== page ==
Collections: 
0-9 | A | B | C | D | E | F | G | H | I | J | K | L | M | N | O | P | Q | R | S | T | U | V | W | X | Y | Z

Image 8 of Kentucky fruit notes, vol. 4, No. 1, January 1949

Part of Kentucky Agricultural Experiment Station

item | thumbnails | details | text | pdf
Download this image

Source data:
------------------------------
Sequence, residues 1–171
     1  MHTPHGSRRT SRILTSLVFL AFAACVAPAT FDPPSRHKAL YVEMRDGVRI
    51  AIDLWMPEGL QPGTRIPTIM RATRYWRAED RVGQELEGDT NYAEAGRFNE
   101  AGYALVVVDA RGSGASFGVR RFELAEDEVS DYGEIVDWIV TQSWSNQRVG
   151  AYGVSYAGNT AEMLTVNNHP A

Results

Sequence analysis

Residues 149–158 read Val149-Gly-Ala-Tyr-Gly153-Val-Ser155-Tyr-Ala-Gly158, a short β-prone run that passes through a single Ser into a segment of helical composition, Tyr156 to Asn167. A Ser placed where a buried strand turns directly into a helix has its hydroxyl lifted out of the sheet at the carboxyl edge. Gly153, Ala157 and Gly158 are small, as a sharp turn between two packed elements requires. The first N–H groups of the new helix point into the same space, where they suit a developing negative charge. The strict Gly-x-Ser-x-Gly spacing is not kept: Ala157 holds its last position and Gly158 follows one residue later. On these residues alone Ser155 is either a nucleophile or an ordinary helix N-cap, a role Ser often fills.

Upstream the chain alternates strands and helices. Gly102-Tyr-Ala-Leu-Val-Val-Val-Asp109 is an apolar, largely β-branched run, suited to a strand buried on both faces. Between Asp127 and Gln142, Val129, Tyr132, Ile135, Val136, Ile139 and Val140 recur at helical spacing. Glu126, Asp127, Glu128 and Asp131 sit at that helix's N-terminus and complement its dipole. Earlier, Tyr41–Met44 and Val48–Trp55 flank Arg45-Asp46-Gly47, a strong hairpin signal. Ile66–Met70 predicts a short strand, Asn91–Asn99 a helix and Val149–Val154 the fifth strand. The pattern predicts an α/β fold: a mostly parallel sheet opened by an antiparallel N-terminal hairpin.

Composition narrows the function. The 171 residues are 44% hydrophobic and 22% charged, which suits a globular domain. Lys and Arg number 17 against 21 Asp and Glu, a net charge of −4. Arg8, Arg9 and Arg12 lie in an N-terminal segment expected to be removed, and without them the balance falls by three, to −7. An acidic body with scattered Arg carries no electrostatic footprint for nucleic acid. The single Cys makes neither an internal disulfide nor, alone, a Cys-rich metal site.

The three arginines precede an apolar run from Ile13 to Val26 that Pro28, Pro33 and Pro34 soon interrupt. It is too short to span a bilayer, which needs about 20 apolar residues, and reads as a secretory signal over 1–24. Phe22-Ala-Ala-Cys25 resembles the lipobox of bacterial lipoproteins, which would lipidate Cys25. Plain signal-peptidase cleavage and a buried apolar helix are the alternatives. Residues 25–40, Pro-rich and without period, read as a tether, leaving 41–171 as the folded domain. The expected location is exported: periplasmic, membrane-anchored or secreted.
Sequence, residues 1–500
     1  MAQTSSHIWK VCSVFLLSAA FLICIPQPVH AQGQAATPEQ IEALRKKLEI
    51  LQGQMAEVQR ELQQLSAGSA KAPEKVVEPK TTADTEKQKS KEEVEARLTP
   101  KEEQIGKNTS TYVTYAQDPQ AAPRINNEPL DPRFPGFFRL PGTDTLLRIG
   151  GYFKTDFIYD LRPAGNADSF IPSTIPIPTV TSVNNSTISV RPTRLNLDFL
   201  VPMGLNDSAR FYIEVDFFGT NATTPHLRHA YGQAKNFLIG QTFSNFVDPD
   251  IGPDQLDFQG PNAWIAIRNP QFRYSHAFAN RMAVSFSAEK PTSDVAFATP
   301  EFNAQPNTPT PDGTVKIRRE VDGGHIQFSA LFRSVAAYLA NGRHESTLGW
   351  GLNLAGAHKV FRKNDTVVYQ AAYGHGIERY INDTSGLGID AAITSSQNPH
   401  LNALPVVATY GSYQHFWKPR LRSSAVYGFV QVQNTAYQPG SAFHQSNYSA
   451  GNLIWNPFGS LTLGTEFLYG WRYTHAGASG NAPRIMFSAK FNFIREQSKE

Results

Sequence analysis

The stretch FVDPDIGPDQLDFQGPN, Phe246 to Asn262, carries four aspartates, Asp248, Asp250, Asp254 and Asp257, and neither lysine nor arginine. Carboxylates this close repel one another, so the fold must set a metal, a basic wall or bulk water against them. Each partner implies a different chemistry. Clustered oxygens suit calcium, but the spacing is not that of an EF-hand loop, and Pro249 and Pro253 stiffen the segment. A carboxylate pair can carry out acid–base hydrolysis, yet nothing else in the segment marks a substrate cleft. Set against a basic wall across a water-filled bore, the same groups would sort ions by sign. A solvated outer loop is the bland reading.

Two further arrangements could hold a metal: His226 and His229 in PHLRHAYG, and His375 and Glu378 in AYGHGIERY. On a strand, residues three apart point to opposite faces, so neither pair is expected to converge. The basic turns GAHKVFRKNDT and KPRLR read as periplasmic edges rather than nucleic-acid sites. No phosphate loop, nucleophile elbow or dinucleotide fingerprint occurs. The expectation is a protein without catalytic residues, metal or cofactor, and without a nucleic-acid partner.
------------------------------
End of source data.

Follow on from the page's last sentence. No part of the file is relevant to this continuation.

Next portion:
L -° 5 an unknown length of time. The use of resistant varieties would be an ideal I control measure; however, to date, we know of no satisfactory shipping berry that . is resistant to the trouble. The United States Department of Agriculture and several state experiment stations are attempting to breed new varieties that are resistant. The Temple and Fairland varieties seem fairly resistant to red stele and are doing nicely in several infected areas in other states but little is known, - to date, of their behavior in Kentucky. However, they both showed promise in 1948 and many more fruiting tests will be observed in 1949. Where tried, these varieties seem to be satisfactory for local markets and processing but too soft for a dependable shipping variety. Much testing of resistant seedlings and new sorts is scheduled for Kentucky the coming season, as well as possibly some breeding work. The presence of this disease in a section (as it is known to be started around Paducah, Louisville and northern Kentucky) makes it more important than ever to use only inspected plants for setting. Several growers are known ' to have brought the disease onto their farms by digging plants from a neighbor‘s infected field. It will take the cooperation of all growers in a section to keep this ` disease from seriously crippling the industry. This is especially true in sections of western Kentucky and elsewhere where much of the soil devoted to strawberry growing is rather tight and poorly drained. . B_L_:AKEl\/IQRE YEL.L.OWS_ This is a disease condition that causes the foliage of the Blakemore variety to be yellowish and mottled. The disease spreads only from mother plant to daughter plant and does not spread to other varieties. Where yellows is present, fewer runner plants are made and these produce less fruit than normal green plants. Qontng: When Blakemore plants are bought, insist on yellows-free plants. · Wheniyellow plants are seen in the field they should be dug an-cT—c-g.sTi‘—o_yed to prevent an increase. Thus, by carefully roguing, most Blakemore plantings can be kept fairly clear of this trouble. VIRUS DISEASES OR XANTI-{CRES- 1 · This disease is fairly new in Kentucky. Its symptoms are varied and often obscure; hence, it is hard to combat. It is spread from plant to plant by a white aphid. So far, this aphid has not been found or reported in Kentucky. Plants with the disease have been located in Kentucky, but these had been shipped into the state from one of the middle Atlantic states where the disease is very prevalent in many nurseries. The runner plants from diseased plants · are also diseased, and setting such plants is a sure way to get the disease _ started on your place. Syiripjpmsz This disease shows up in different ways in different varieties. Some diseased varieties have low foliage with small leaves or the leaves may be cupped. Also, when infected, some varieties fail to produce any, or only a